Determining to Outsource : First Steps

Outsourcing is the practice of using outside vendors, consultants, and other service providers to plan, implement, or evaluate an organization’s technology needs. But how does an organization make the decision to outsource in the first place? Why not do the work in-house with existing staff or volunteers?billiga canada goose jackor This article will discuss the issues that nonprofit organizations should consider when making the decision.

Typically, nonprofits consider outsourcing technology work when one or more of the following conditions are met:

  • The organization is already committed to a tremendous amount of work and cannot dedicate the amount of staff time necessary to handle a technology project in house. [Note: Even when outsourcing, nonprofit organizations must dedicate some time to planning the project and hiring and managing a provider.]
  • The organization has available time but does not have staff with the required technical expertise to scope out and properly implement the technology project.
  • The organization needs the technology project implemented quickly and cannot take the time to retrain staff or wait for staff time to become available.
  • The organization needs a variety of technology projects implemented, and outsourcing to a vendor offers access to a wide range of technology expertise.

These kinds of resource allocation, managerial, and human resource issues are not unique to technology projects, and would also be present on projects such as program work, public relations, or fieldwork. However, outsourcing technology work raises another set of issues:

  • Even when a technology project is outsourced, an in-house project manager or team will need to manage the relationship with the vendor or consultant.
  • When a technology project is outsourced, there is often a cash cost associated with that contract. That cash outlay should be properly budgeted. Some contracts require an upfront payment, while others may have ongoing monthly or quarterly costs.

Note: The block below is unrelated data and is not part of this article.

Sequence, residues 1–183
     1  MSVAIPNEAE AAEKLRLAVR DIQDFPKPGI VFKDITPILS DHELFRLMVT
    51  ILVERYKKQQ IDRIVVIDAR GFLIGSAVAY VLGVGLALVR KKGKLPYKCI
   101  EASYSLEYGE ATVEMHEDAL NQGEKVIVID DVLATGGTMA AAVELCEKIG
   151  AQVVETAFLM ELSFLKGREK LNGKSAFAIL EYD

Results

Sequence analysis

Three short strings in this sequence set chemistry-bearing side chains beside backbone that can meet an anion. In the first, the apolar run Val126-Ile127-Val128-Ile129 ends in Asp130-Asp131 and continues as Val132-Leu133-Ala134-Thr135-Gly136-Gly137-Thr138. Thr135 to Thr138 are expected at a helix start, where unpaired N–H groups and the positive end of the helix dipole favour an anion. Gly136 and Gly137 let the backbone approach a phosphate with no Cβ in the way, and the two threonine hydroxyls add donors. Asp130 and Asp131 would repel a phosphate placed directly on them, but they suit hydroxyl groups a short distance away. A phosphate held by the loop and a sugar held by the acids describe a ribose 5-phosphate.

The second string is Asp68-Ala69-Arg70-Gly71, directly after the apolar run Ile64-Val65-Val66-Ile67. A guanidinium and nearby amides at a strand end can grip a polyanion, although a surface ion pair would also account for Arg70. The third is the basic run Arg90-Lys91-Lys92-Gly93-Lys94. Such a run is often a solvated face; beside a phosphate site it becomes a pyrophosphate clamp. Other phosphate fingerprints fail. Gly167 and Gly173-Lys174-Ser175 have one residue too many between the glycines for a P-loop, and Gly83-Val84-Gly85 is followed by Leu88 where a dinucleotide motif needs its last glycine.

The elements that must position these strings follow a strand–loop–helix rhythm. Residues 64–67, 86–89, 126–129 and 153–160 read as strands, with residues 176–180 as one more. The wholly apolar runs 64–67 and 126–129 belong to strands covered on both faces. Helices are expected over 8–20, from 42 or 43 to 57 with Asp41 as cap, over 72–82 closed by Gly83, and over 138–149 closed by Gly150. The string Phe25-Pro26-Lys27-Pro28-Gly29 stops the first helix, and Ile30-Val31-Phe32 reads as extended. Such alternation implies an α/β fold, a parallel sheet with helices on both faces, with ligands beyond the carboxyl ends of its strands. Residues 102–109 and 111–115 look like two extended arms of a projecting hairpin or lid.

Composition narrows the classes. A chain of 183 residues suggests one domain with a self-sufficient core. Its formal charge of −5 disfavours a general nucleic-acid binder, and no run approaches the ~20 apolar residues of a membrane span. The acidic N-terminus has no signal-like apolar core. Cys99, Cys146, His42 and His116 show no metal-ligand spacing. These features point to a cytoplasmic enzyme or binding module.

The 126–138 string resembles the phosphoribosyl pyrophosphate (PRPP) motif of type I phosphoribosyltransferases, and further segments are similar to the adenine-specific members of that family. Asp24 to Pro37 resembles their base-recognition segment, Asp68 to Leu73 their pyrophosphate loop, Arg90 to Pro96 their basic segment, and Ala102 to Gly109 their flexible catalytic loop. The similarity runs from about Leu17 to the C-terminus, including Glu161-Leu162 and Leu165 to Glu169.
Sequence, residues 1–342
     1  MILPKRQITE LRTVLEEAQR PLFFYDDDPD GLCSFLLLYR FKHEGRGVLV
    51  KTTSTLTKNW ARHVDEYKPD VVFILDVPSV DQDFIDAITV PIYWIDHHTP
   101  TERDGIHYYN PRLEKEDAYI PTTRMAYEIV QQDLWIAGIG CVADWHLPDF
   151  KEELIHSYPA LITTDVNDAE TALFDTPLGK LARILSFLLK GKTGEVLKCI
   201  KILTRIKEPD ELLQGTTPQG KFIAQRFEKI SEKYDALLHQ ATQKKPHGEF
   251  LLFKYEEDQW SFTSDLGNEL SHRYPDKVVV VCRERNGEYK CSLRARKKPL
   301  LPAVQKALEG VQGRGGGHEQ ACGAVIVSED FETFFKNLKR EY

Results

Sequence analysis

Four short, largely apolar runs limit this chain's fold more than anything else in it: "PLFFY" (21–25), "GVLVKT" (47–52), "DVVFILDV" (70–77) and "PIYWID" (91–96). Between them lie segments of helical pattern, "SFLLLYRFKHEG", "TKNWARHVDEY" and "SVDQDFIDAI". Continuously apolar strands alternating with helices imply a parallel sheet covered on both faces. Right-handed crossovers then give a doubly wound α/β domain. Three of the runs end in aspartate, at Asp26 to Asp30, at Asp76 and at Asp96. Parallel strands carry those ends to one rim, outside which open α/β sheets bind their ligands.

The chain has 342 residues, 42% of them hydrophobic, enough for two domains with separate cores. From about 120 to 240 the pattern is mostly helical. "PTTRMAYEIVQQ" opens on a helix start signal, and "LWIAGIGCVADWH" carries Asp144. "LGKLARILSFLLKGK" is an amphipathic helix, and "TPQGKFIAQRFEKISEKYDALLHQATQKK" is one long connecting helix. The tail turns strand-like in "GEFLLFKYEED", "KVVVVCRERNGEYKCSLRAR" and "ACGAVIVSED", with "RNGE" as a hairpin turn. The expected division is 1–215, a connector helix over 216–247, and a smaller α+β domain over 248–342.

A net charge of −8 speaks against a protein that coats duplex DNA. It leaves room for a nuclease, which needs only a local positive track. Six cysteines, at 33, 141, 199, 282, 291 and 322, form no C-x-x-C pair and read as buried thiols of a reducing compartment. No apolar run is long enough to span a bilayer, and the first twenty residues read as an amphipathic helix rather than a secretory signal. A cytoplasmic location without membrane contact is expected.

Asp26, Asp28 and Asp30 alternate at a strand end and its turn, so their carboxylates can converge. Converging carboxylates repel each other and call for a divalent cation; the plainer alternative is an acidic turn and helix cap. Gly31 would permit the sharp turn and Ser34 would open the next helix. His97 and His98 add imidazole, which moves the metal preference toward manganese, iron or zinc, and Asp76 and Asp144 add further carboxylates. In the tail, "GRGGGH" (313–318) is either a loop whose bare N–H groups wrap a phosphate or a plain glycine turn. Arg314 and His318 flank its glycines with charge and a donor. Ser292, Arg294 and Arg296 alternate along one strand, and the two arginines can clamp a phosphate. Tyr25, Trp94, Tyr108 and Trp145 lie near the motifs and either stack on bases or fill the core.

• When outsourcing a technology project, an organization must identify an appropriate vendor or consultant to do the needed work. This task often requires writing a Request For Proposal (RFP) so that vendors and consultants can submit bids. Depending on the size of the technology project, the RFP process itself can be time-consuming, and may even require the help of a consultant to help identify bidders and review their proposals.
  • An organization should have a contract with the vendor or consultant to clearly specify the scope of services, the cost, how contract disputes should be addressed, and how the contract should end.

Considering Your Technology Needs

Before you begin your search for a specific vendor or solution, you need to know exactly why you are seeking the product or solution in the first place. This will help you direct the work of a consultant or vendor, could result in the discovery that you do not need to outsource but need to handle the issue in-house or blend and in-house and outsource solution. Things to think about include:

  • What is it about the current business system that we want to improve? (Examples of business systems include things like communications, accounting, information storage and use, relationship management, publicity, etc.)
  • How does that current business system operate? Detail what the different steps are in the system and who is involved in making it all work.
  • What are the parts of the system that may benefit from a technology solution? For example, look for areas in the system where there is a lack of automation or redundancy. This is very important because systems fail to operate for many reasons and technology solutions are often applied inappropriately. For example, systems can break down due to lack of staff training or poor design. Superimposing a new technology tool on top of a system with these types of problems may not have the intended results of improving the operations. As many providers have a motive to sell you more technology, they may not be able to separate their own self-interest from your real needs. That is why it is essential that you really understand your needs BEFORE vendors and consultants are brought in. This of course is less of a concern if you are working with a consultant whose sole purpose is to help you determine your needs and they will not be part of implementing the solution.